1911 Encyclopædia Britannica/Utopia

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Utopia, an ideal commonwealth, or an imaginary country whose inhabitants are supposed to exist under the most perfect conditions possible. Hence the terms Utopia and Utopian are also used to denote any visionary scheme of reform or social theory, especially those which fail to recognize defects inherent in human nature. The word first occurs in Sir Thomas More’s Utopia, which was originally published in Latin under the title De Optima Reipublicae Statu, deque Nova Insula Utopia (Louvain, 1516). It was compounded by More (q.v.) from the Greek οὐ, not, and τόπος, a place, meaning therefore a place which has no real existence, an imaginary country.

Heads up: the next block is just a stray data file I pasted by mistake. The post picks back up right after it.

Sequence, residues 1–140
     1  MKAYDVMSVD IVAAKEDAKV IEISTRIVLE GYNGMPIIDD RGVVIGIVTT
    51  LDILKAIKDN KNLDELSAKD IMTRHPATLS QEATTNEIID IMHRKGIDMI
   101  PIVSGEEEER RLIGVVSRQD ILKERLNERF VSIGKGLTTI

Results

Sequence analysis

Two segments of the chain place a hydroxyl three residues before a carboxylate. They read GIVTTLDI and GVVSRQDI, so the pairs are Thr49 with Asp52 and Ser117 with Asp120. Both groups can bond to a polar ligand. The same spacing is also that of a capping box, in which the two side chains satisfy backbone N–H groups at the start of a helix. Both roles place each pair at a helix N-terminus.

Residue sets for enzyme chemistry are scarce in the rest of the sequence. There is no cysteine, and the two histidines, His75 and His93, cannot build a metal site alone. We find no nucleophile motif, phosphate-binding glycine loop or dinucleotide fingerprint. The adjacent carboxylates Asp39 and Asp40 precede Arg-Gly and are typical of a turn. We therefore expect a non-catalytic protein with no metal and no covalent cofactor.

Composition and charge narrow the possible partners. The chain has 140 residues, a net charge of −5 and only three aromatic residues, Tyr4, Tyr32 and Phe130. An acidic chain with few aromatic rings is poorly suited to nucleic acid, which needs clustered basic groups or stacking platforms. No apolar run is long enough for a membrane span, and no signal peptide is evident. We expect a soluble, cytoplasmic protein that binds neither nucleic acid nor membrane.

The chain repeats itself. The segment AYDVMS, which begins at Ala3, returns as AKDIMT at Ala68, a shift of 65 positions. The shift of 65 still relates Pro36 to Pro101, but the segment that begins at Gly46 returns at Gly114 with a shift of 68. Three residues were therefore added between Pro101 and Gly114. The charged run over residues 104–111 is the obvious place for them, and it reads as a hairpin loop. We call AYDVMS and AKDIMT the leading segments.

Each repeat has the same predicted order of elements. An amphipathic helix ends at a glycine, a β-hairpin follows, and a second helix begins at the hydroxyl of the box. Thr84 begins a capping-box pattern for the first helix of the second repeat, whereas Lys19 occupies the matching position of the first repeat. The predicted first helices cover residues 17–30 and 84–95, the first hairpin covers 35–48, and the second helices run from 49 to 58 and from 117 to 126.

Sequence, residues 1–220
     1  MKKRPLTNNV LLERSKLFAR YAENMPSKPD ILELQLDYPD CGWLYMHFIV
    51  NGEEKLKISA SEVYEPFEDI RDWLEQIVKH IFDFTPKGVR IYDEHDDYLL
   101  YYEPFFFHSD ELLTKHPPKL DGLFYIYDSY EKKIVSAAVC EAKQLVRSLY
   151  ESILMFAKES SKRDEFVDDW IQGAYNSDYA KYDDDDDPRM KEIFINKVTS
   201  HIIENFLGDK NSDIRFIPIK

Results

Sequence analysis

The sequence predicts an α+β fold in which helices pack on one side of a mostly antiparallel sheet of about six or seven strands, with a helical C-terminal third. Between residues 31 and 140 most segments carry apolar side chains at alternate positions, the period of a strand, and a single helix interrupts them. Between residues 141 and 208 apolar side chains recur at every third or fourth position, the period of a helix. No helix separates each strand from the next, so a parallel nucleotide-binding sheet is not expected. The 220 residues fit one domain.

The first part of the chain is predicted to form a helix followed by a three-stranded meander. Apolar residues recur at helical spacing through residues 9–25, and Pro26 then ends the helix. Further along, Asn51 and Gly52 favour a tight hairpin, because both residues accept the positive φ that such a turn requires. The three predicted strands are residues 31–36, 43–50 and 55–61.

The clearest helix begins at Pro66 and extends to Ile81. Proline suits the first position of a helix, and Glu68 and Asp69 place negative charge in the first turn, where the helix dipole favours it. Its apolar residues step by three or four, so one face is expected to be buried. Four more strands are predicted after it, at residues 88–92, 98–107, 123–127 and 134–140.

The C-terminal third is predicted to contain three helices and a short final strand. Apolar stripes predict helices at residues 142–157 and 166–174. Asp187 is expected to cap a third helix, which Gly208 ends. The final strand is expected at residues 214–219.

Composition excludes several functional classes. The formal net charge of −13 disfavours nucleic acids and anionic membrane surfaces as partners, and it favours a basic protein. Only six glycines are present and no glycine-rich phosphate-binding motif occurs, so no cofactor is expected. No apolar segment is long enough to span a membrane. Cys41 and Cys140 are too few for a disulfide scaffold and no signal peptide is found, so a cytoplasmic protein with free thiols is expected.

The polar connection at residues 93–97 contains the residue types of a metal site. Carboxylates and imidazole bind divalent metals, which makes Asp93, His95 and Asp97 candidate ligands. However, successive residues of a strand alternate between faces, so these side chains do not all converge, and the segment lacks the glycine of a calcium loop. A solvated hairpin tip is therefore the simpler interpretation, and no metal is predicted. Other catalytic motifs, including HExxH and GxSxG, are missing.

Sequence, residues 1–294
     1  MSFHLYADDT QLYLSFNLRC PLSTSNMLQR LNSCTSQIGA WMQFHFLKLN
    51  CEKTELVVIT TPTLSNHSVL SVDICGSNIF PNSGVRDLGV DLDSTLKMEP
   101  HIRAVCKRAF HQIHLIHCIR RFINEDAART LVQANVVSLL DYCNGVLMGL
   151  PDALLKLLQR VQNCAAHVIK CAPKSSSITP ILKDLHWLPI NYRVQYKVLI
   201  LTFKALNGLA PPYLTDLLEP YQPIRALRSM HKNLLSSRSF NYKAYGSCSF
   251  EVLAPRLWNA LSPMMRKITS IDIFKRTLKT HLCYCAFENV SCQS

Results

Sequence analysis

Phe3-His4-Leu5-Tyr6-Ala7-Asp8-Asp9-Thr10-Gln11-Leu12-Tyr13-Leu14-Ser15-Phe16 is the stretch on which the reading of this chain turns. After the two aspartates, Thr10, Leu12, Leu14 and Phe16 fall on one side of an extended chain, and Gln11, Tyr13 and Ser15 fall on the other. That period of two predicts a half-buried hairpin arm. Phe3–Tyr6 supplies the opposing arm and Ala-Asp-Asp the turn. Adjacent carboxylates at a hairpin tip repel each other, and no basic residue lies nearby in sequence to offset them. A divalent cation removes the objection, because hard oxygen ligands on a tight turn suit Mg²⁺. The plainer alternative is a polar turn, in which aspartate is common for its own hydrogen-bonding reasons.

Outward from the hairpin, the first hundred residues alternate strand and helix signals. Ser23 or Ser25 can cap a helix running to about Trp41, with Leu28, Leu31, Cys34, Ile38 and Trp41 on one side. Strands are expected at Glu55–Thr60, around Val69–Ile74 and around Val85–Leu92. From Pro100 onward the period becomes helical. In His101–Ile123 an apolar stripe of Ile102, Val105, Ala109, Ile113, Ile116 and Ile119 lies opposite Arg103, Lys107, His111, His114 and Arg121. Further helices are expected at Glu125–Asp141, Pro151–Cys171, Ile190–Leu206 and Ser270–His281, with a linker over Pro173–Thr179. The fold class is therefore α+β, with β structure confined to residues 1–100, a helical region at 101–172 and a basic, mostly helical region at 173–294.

The idea of a Utopia is, even in literature, far older than More’s romance; it appears in the Timaeus of Plato and is fully developed in his Republic. The idealized description of Sparta in Plutarch’s life of Lycurgus belongs to the same class of literary Utopias, though it professes to be historical. A similar idea also occurs in legends of world-wide currency, the best known of these being the Greek, and the medieval Norse, Celtic and Arab legends which describe an earthly Paradise in the Western or Atlantic Ocean (see Atlantis). Few of these survived after the exploration of the Atlantic by Columbus, Vasco da Gama and others in the 15th century; but in literature More’s Utopia set a new fashion. An ideal state of society is described in the writings of Hobbes, Sir Robert Filmer and J. J. Rousseau. In Bacon’s New Atlantis (1624–29) science is the key to universal happiness; Tommaso Campanella’s Civitas Solis (1623) portrays a communistic society, and is largely inspired by the Republic of Plato; James Harrington’s Oceana (1656), which had a profound influence upon political thought in America, is a practical treatise rather than a romance, and is founded on the ideas that property, especially in land, is the basis of political power, and that the executive should only be controlled for a short period by the same man or men. Bernard de Mandevil1e’s Fable of the Bees is unique in that it describes the downfall of an ideal commonwealth. Other Utopias are the “Voyage en Salente” in Fénelon’s Télémaque (1699); Etienne Cabet’s Voyage en Icarie (1840); Bulwer Lytton’s The Coming Race (1871); Samuel Butler’s Erewhon (1872) and Erewhon Revisited (1901); Edward Bellamy’s Looking Backward (1888); William Morris’s News from Nowhere (1890); H. G. Wells’s Anticipations (1901), A Modern Utopia (1905) and New Worlds for Old (1908). Many Utopias, such as the Fable of the Bees and Erewhon, are designed to satirize existing social conditions as well as to depict a more perfect civilization. There are separate articles on all the authors mentioned above. A large number of the more recent Utopias have been inspired by socialistic or communistic ideals; among these may be mentioned Freiland, ein soziales Zukunftsbild (1890) and Reise nach Freiland (1893), by the Austrian political economist Theodor Hertzka (b. Budapest, 1845), which portray an imaginary communistic colony in Central Africa.